Which means, I have to pick and choose the items I buy. And also explains why I am there so often. 

Stores don't like you to take pictures of their items but I did sneak this one of the cookie aisle. You know I don't skip that section. 

After waiting in line with a few Western moms and a bunch of Asian helpers (nanny/maid), I exit the store with my bags in tow. If you forget bags, you may purchase plastic ones at the checkout for fifty HK cents, which is the equivalent of about seven US cents. 

I haul my trusty bags up three escalators and await my chariot home. 

My ride home could be the shuttle bus if I'm timed my visit correctly. You see, he makes the trip to Stanley every thirty minutes. So, if I miss a pick up, I have to wait another thirty minutes for the next trip. 

Or, I could take the handy dandy red taxi. 

The shuttle bus man or the handy dandy taxi man drops me off at our building. 

The doorman rushes to open the door for me, pushes the elevator button for our floor, and sends me on my way. 

Elevator door opens on Floor 3 and I am greeted by my door. 

Groceries unpacked and new list started for another day. 

Likely that day will be tomorrow. 

Welcome to Hong Kong!

Thursday, August 11, 2016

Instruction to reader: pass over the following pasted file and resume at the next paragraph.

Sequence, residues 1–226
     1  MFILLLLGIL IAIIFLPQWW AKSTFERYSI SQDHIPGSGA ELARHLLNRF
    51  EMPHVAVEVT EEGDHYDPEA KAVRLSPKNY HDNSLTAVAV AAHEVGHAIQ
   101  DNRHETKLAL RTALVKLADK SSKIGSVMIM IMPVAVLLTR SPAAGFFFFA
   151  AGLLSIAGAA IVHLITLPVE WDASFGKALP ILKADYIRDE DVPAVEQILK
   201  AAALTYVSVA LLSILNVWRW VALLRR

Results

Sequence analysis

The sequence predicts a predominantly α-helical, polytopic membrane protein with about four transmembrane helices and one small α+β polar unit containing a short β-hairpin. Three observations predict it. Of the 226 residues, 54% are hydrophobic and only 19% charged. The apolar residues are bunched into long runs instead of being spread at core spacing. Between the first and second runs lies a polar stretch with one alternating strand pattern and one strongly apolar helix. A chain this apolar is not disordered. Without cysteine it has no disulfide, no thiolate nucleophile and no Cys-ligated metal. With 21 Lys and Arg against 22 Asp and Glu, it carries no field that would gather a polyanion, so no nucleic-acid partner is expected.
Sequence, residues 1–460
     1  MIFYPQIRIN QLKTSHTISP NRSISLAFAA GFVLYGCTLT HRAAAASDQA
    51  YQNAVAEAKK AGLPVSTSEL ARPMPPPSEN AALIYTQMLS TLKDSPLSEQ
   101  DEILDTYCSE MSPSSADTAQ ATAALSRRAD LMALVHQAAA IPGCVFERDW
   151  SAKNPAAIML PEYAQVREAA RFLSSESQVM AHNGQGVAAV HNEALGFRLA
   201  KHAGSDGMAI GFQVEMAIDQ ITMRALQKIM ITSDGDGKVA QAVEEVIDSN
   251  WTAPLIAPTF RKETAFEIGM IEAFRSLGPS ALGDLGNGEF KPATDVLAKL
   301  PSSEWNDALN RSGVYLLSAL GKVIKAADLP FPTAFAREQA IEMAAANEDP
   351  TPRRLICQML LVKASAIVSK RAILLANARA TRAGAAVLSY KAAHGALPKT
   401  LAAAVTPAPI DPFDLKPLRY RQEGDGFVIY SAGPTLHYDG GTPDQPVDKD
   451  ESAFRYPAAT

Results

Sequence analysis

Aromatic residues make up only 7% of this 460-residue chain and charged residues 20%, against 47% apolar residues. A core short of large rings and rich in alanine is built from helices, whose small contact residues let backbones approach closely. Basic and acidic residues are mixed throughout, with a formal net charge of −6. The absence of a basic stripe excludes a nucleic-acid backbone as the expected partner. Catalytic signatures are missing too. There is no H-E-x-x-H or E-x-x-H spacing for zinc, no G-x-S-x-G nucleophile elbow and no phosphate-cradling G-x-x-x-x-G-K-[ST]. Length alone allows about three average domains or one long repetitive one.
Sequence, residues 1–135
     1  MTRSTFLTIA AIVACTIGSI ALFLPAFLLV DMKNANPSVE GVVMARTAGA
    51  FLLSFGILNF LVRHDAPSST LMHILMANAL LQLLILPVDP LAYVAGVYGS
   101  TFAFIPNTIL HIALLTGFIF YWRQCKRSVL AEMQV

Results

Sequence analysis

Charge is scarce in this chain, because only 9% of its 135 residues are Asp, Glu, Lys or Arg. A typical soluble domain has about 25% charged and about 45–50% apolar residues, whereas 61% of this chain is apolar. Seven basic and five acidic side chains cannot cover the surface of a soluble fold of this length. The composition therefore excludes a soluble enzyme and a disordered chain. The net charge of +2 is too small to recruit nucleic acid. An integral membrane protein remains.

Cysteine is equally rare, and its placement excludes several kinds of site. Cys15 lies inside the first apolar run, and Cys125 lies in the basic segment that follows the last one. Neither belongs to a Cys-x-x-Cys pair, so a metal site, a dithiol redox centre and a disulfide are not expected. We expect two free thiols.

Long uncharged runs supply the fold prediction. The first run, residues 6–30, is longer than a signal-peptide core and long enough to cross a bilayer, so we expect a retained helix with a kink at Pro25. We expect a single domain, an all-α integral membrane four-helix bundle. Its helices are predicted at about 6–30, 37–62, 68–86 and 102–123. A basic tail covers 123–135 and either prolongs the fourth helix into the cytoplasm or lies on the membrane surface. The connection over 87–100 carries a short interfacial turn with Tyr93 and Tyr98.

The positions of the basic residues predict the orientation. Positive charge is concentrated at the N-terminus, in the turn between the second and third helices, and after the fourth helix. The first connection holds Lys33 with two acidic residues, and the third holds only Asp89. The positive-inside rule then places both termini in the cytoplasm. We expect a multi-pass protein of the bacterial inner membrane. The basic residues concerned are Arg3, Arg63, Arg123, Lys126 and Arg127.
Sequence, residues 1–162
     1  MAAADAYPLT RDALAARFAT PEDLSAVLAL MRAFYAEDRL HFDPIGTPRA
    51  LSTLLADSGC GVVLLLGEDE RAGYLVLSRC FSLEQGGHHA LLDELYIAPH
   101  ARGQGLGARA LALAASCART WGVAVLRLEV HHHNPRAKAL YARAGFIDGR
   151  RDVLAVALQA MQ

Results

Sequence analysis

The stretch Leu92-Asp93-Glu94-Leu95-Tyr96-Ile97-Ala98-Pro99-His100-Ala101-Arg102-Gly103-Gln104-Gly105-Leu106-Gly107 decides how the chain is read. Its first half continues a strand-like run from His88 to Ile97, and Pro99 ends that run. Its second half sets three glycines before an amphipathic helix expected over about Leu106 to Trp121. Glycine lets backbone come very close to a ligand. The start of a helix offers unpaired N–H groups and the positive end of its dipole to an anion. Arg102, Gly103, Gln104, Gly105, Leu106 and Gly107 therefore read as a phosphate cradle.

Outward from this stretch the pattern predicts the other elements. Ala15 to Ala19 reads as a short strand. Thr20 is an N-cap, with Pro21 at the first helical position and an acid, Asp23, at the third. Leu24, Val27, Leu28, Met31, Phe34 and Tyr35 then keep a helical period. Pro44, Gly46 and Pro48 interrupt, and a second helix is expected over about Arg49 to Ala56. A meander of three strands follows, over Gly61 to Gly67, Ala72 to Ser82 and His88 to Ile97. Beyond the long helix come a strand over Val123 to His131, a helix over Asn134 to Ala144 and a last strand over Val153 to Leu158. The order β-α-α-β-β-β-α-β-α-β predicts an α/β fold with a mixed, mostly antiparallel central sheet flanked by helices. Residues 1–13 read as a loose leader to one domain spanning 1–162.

The Pictures I Didn't Take

We've had a week of all six of us under one roof. For the first time in years. Even at home, we didn't have all of us for that long. So, you'd think I'd have documentation of this extraordinary experience. 

Nope. I have two pictures. One of all four kids when Alex arrived. And one at Disney. That's it. 

I had good intentions though. 

If I'd been a better mom, we would have shots to include:

*two big kids holding hands with two little kids while out and about

*smiles and giggles from four kiddos

*people taking pictures of the big ones in public (yep, for real---they are celebrities)

*four kids playing games together

*little ones cuddles up with big ones on the couch

*hanging on for dear life on taxi rides

*Alex playing drums on girls' heads

*strolling the mall in search of Dave's birthday gift and Anna's birthday cake

*my face on Space Mountain (well, it's Hyperspace Mountain here)

*Anna Grace navigating the Metro station (going the wrong way)

*six faces dripping with sweat in 90 degree weather but feels like 110

*taxi buddies--Abby said, "I love my taxi buddies (Alex and Dave). 

*Alex nailing a Chinese guy on bumper cars after the dude took his picture

*our furniture arriving and rental furniture leaving at the same time. Oh my. 

*Katie doing funky hair styles on short girls

*dinner on the waterfront

*riding the cable car over the mountain while at Ocean Park (think HK Sea World)-----I faced the floor the whole time

*the fish counter at the grocery store (alive and dead----yuck!!!)

*all the obvious stares from Chinese people upon seeing our family 

*the last hugs when Alex walked out the door this morning

Our next visit will be at Christmas time. Don't know where we will meet but it will happen. 

Until then, I'm going to pretend we moved to Hawaii. 

Because that's not as far from Georgia as Hong Kong. 

Still can't get home quickly but it makes it seem like we are closer. 

Go with it.......

Monday, July 25, 2016

First Week Observations

And in no particular order......